White Sands is Dyer’s travels to find secular “nodalities”—areas that have acquired “the bleak gravity and elemental aura of prehistory,” places where time has perhaps stood its ground. He visits the aforementioned Spiral Jetty and Walter De Maria’s Lightning Field—a name that sounds more exciting than the actual artwork. He ventures to far northern Norway to glimpse the Northern Lights, and takes pilgrimages to the Brentwood homes of German philosophers who had fled the Nazis. He spends a day in China’s Forbidden City. And, of course, he visits White Sands, New Mexico, but he’s there for only a single paragraph.
Spiral Jetty, Robert Smithson, 1970
Compared to Lawrence’s rapturous writing—“[T]he moment I saw the brilliant, proud morning shine high over the deserts of Santa Fe, something stood still in my soul” —Dyer’s accounts of these places are calmer, sedate at times, except for his expression of discomfort, for which there are many. His discomfort, however, is our laughter, and this is when Dyer is at his best. At heart he’s a clever guy with a droll sense of humor, and I want to quote a few choice passages here:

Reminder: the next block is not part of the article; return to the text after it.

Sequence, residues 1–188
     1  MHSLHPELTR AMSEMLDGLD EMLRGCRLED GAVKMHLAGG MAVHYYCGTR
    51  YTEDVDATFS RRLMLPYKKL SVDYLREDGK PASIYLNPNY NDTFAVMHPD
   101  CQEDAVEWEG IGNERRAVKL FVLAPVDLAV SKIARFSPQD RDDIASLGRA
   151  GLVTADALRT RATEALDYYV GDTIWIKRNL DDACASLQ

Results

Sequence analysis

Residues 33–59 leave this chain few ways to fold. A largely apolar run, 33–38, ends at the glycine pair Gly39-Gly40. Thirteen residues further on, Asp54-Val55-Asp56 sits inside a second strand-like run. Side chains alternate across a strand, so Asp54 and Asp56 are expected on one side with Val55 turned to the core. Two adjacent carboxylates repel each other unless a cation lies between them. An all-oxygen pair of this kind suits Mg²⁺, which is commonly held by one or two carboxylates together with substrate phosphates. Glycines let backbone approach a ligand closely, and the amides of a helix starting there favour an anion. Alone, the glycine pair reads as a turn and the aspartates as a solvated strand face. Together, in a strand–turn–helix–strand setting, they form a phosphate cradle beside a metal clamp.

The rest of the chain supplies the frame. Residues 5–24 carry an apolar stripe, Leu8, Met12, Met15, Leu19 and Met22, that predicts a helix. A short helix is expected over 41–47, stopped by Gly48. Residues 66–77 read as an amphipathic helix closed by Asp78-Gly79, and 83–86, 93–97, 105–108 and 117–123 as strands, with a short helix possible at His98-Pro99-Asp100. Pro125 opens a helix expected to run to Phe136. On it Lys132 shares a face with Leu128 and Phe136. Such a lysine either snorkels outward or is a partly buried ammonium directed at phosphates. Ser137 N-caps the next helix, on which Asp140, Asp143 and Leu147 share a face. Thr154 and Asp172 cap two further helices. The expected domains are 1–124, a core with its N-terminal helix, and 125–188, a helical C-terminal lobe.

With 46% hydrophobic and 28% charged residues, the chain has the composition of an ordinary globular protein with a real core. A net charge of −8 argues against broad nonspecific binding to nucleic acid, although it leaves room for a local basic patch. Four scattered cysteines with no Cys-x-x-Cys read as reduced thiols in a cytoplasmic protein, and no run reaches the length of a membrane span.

I changed into one of those hospital gowns that tie up at the back, the purpose of which seems to be to enfeeble you, to reduce your capacity for independent action. To walk even few steps risks the ignominy of exposing your bottom to the world. (“Stroke of Luck”)
Nevertheless, we did what you do when you come to a place for a Euro city break: we went for a walk, one of the most horrible walks we had ever embarked on. The Norwegian word for ‘stroll’ is best translated as ‘grim battle for survival…’ (“Northern Lights”)
My heart sank. My heart is prone to sinking, and although few words have the capacity to make it sink as rapidly or deeply as the word ‘guide,’ plenty of others make it sink like a slow stone: words like ‘having to’ or ‘listen to,’ as in having to listen to a guide tell me stuff about the Forbidden City I could read about in a book back home, by which time any desire to do so would have sunk without trace. (“Forbidden City”)